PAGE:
Academic journal article The Geographical Bulletin

Long-Term Change around SkyTrain Stations in Vancouver, Canada: A Demographic Shift-Share Analysis

Academic journal article The Geographical Bulletin

Long-Term Change around SkyTrain Stations in Vancouver, Canada: A Demographic Shift-Share Analysis

Article excerpt

INTRODUCTION

Grand public transportation projects garner press and political debate during the planning, construction, and initial operating stages. However, the last stage, the evaluation of impacts, receives the least attention aldiough it is arguably the most important. This neglect is problematic, since completed projects are often the starting points for future plans. This case study determines the long-term demographic trends after die completion of Vancouver's first elevated automated light-rail system, the SkyTrain Expo Line. By surveying surrounding neighbourhoods' demographic changes between 1981 and 2006, the study demonstrates how numerous contextual factors, in addition to die presence of the SkyTrain, determine the changes that occurred in the vicinity of the Expo Line.

Since 1975, Vancouver's regional plans included the SkyTrain. However, for many years, it existed only on paper, since the project required significant capital. When die Expo 86 World Fair was awarded to Vancouver in 1980, the plan for a rapid transit system was finally transformed into reality (BC Transit ND). Heightened global attention around major events offers cities die opportunity to "fast-track" infrastructure construction and renewal (Chalkley and Essex 1999). Vancouver used Expo 86 as leverage to receive government funding for infrastructure projects, most notably the SkyTrain. As a showpiece of the transportation-themed Expo 86 World Fair, the SkyTrain quickly gained the requisite funding and push to prompt completion (BC Transit ND).

The SkyTrain was feasible due to the political history and regional geography of transit in Vancouver. During the 1970s, North American cities welcomed freeway construction to solve growing transportation needs. Outside of Vancouver's city limits, low-density auto-oriented suburbs cluster around freeways. In contrast, Vancouver residents successfully lobbied to prevent freeways from cutting through their city. As a result the regional freeways end at Vancouver's city limits. Consequently, Vancouver's landuse patterns in the 1980s resembled 1950s street-car neighbourhoods: integrated lowrise commercial areas pocketed in residential neighbourhoods. Indeed, Price (2009) argued that Vancouver remains essentially a "street-car city" characterized by local roads instead of major highway arterials. However, as Vancouver's population grew, so did traffic congestion. This led the City of Vancouver to choose a rapid transit system to, in part, relieve its traffic woes (Olson 2007). The city also used the opportunity to increase densification along the SkyTrain line. Vancouver, along with other municipalities bordering the rapid transit route, redeveloped and rezoned old industrial districts, relocated government buildings to SkyTrain stations, and encouraged private high-density development by means of various incentives (Babalik-Sutcliffe 2002).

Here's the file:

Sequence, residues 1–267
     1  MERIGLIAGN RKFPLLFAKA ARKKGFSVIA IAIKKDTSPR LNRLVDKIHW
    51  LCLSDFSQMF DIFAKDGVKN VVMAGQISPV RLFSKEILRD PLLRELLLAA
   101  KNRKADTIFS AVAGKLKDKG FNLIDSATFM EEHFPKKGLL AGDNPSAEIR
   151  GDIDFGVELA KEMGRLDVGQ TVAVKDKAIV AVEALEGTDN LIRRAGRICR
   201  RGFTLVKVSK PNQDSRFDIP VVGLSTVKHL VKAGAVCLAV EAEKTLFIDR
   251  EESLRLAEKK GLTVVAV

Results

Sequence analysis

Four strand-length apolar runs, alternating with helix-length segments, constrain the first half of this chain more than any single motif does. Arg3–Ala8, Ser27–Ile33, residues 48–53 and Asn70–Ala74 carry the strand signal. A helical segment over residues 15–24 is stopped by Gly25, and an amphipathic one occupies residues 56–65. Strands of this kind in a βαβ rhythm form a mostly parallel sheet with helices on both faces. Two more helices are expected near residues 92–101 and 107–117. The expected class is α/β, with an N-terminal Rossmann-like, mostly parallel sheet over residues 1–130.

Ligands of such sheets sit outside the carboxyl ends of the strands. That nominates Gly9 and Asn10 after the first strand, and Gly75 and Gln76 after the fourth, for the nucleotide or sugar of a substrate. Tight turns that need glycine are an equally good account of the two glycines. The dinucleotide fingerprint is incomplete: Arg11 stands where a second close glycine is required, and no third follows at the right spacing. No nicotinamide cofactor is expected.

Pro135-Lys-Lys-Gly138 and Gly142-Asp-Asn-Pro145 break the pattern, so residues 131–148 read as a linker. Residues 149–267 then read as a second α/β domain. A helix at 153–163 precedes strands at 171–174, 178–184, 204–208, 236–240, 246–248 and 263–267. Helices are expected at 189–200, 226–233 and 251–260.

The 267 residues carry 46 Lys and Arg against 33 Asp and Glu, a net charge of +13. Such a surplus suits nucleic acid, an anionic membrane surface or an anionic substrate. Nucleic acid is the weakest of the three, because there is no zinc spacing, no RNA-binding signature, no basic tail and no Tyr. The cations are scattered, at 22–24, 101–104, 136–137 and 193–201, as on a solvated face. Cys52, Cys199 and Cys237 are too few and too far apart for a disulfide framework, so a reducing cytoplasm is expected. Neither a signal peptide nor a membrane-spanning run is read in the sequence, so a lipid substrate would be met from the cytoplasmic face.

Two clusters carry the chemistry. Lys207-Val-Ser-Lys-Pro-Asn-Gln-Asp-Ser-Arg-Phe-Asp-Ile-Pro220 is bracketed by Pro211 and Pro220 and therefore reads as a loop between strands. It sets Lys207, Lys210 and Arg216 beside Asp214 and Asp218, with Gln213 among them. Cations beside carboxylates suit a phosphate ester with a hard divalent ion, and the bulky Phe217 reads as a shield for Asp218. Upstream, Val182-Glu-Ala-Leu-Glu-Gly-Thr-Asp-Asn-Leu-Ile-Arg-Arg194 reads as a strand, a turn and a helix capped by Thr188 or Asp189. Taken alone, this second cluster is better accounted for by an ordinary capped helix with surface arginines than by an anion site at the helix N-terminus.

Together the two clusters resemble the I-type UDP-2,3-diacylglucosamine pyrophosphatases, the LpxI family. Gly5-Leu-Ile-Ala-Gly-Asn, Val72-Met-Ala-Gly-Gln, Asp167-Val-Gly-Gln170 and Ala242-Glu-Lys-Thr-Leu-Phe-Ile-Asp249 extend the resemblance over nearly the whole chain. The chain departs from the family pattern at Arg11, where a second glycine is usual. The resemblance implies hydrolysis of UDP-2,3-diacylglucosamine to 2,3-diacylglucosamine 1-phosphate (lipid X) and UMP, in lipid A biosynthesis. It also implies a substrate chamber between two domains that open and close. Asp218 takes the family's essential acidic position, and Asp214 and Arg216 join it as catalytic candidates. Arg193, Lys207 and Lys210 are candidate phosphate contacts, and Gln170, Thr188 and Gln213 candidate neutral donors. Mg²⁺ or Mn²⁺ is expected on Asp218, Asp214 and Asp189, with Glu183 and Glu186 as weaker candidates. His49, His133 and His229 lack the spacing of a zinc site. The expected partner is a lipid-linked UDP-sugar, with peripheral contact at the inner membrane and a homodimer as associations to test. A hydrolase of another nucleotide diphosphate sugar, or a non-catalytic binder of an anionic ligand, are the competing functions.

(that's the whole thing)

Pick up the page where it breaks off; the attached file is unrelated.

The SkyTrain made use of existing thin strips of land that traversed the city and region - former railway lines. While the SkyTrain shuttled tourists between downtown Expo event sites, the 22-kilometre Expo Line extended beyond Expo grounds and ran through residential neighbourhoods and light industrial lands (Fig. 1). Since then, two additional lines have been built to connect Vancouver with its suburbs, and two more routes are in the planning phase. As the SkyTrain extended into these neighbourhoods, it began to reshape them. This study evaluates the effects that the SkyTrain has had on the neighbourhoods nearest its stations over the intervening decades. Such understanding will be an asset to academics and city planners as they develop future rapid transit plans.

TRANSIT AND DEVELOPMENT

Rapid transit is often a large-scale public endeavour and is thus susceptible to political influence. As politicians usually hold the purse strings for large projects, planning for such investment is steeped in partisanship and re-election goals. Currying public favour is extremely important for politicians and the "image benefits" brought with advocating for a new rapid transit system are too attractive to ignore (Mackett and Edwards 1998). …

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